Although it is laudable that consumers have started to hold companies to higher ethical standards, those that call for a boycott of Oatly do not see the counterfactual. The choice may not be between Oatly and another dairy substitute, but between Oatly and nothing at all – not everyone has access to the kind of retailers that would stock niche alternatives to their oat milk.
The Oatly issue is part of a broader issue of a lack of pragmatism when it comes to sustainable living. Ethical consumerism has often been called a newer and more subtle form of conspicuous consumption. In a twenty-first century manifestation of Thorstein Veblen’s nineteenth century theory, ethical consumerism is driven in part by a desire to display class. The bourgeoisie achieves this by emphasising a detachment from material concerns. The person that can afford to spend three times as much on organic produce, go out of their way to find sustainably produced clothes, or buy a brand-new electric car, exhibits heightened concern for others and for the planet, thereby showing their virtue. Although this concern may be founded upon an authentic desire to be virtuous, it inevitably takes on class dimensions when colliding with consumerism. Products which use eye-catching branding or aesthetic cues to distinguish themselves as cool, rare, or expensive contribute towards a problematic culture of conspicuous ethical consumption.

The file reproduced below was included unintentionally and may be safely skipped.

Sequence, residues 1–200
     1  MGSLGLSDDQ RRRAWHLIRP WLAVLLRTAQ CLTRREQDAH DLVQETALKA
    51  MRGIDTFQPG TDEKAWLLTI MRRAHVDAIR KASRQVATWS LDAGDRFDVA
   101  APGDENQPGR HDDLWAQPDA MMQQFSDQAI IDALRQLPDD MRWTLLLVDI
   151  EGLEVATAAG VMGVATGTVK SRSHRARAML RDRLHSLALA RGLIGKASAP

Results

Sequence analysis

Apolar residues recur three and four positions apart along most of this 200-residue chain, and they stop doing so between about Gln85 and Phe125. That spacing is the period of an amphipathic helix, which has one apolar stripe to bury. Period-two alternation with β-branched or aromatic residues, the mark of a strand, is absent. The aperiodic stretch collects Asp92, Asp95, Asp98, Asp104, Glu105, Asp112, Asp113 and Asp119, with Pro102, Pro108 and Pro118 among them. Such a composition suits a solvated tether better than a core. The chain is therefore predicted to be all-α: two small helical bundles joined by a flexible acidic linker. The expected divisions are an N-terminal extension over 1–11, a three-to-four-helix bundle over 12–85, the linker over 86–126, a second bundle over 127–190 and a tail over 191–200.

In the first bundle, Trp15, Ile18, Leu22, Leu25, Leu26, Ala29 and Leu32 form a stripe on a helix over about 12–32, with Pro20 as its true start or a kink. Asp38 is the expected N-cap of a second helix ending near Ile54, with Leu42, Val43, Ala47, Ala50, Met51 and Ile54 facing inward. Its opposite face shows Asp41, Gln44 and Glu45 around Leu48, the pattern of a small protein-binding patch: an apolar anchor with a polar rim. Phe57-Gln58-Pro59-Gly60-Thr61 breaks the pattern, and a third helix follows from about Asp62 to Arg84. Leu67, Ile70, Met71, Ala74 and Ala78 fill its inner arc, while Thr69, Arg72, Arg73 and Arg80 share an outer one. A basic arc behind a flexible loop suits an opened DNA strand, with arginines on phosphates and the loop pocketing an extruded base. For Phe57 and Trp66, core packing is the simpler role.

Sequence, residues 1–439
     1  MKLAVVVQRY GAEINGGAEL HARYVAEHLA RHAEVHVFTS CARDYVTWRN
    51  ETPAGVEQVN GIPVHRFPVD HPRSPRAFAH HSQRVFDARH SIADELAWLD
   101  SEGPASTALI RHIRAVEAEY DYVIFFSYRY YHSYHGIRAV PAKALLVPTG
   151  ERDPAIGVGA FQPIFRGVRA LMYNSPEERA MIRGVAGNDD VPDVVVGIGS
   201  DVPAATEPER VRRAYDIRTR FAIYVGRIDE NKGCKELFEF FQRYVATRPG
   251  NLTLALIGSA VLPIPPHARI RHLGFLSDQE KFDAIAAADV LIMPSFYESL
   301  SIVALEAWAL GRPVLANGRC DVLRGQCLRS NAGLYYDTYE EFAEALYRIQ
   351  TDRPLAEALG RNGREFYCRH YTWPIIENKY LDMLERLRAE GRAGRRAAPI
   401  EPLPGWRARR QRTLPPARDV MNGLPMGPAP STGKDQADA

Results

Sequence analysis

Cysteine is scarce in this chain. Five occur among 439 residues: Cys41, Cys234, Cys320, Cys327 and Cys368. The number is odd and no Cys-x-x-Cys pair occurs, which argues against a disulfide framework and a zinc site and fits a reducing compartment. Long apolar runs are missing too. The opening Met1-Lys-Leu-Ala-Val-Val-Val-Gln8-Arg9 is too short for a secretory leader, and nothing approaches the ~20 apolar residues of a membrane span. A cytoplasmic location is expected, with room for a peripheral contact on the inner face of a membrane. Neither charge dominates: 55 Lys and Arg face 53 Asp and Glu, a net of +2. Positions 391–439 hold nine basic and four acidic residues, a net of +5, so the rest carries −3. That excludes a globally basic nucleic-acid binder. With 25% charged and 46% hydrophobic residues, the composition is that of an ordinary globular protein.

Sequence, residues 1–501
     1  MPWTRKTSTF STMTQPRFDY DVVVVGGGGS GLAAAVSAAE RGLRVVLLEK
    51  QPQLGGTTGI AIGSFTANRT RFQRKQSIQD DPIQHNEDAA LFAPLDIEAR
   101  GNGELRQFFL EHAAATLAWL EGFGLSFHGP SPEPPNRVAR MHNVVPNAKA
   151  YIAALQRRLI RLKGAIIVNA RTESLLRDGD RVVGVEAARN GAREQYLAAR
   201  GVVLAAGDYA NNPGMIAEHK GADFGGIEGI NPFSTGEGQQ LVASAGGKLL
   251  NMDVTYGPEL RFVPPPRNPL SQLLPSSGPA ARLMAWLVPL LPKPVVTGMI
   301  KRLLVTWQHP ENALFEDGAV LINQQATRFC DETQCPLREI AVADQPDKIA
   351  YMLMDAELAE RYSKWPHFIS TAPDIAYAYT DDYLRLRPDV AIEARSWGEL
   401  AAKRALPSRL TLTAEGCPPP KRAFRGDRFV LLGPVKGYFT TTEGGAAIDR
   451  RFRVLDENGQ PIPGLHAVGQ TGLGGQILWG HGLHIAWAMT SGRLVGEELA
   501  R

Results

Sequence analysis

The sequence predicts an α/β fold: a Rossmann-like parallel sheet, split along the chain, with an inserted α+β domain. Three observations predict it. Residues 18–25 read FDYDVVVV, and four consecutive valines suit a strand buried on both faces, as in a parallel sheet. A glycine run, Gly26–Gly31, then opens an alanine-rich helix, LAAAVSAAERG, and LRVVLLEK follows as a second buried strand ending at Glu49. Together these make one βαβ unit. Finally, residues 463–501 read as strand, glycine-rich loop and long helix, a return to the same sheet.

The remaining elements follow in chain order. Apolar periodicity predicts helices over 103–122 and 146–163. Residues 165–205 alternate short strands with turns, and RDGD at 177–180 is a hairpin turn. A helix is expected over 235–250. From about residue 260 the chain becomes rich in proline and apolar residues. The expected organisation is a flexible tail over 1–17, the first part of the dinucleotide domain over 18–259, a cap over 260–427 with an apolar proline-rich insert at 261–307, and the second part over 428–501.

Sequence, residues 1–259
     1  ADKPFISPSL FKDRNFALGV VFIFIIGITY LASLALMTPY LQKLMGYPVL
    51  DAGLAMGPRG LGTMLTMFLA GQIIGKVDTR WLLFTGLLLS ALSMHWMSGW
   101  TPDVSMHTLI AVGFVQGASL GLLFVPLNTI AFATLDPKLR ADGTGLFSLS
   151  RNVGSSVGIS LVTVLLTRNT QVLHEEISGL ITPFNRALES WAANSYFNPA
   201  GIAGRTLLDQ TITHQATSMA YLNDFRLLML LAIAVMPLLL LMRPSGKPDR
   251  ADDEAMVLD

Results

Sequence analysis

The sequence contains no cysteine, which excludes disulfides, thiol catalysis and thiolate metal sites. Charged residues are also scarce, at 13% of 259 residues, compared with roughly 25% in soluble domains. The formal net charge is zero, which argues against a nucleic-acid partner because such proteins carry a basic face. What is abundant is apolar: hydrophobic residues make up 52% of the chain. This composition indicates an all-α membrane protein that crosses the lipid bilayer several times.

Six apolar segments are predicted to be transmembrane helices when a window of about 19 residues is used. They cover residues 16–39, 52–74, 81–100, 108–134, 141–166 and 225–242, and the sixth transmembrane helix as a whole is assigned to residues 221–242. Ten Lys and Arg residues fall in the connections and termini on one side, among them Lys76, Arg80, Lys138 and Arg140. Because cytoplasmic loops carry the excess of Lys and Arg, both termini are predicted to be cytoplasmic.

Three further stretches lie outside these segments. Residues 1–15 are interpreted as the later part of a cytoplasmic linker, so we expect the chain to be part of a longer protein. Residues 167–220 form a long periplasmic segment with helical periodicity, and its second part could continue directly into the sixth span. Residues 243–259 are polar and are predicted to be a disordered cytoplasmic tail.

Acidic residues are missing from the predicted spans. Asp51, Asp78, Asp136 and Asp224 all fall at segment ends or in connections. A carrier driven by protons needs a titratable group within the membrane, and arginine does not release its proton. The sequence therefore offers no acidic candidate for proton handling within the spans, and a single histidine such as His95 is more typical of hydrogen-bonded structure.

Ethically conscious living should not be synonymous with elitism. Ordinary people should have access to products made with as little damage to the environment and human life as possible. Buying Oatly is one of the ways to bring this about. A boycott only impedes the path towards a less destructive and harmful society. We should cherish brands that lean towards the ethical side, because they are rare. In a system of rent-seeking individuals, we should feel lucky to have them.
Image credit – Flickr / counterculturecoffee